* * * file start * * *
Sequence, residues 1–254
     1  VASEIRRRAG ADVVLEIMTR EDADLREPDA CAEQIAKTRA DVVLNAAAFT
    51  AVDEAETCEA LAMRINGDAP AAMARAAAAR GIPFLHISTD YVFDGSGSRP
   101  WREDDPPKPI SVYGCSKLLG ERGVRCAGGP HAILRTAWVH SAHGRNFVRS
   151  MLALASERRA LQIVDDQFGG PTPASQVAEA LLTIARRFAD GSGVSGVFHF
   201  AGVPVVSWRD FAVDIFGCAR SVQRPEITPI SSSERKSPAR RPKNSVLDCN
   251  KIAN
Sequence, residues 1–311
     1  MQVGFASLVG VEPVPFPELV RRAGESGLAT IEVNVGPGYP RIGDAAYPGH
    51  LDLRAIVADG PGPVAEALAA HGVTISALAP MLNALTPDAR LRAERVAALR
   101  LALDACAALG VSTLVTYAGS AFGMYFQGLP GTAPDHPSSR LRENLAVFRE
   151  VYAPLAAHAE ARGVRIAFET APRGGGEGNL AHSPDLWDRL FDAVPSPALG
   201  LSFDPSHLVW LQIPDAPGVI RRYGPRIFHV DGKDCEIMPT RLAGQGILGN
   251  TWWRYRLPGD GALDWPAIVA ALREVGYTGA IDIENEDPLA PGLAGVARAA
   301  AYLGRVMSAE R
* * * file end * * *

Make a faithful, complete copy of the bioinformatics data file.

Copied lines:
Sequence, residues 1–254
     1  VASEIRRRAG ADVVLEIMTR EDADLREPDA CAEQIAKTRA DVVLNAAAFT
    51  AVDEAETCEA LAMRINGDAP AAMARAAAAR GIPFLHISTD YVFDGSGSRP
   101  WREDDPPKPI SVYGCSKLLG ERGVRCAGGP HAILRTAWVH SAHGRNFVRS
   151  MLALASERRA LQIVDDQFGG PTPASQVAEA LLTIARRFAD GSGVSGVFHF
   201  AGVPVVSWRD FAVDIFGCAR SVQRPEITPI SSSERKSPAR RPKNSVLDCN
   251  KIAN
Sequence, residues 1–311
     1  MQVGFASLVG VEPVPFPELV RRAGESGLAT IEVNVGPGYP RIGDAAYPGH
    51  LDLRAIVADG PGPVAEALAA HGVTISALAP MLNALTPDAR LRAERVAALR
   101  LALDACAALG VSTLVTYAGS AFGMYFQGLP GTAPDHPSSR LRENLAVFRE
   151  VYAPLAAHAE ARGVRIAFET APRGGGEGNL AHSPDLWDRL FDAVPSPALG
   201  LSFDPSHLVW LQIPDAPGVI RRYGPRIFHV DGKDCEIMPT RLAGQGILGN
   251  TWWRYRLPGD GALDWPAIVA ALREVGYTGA IDIENEDPLA PGLAGVARAA
   301  AYLGRVMSAE R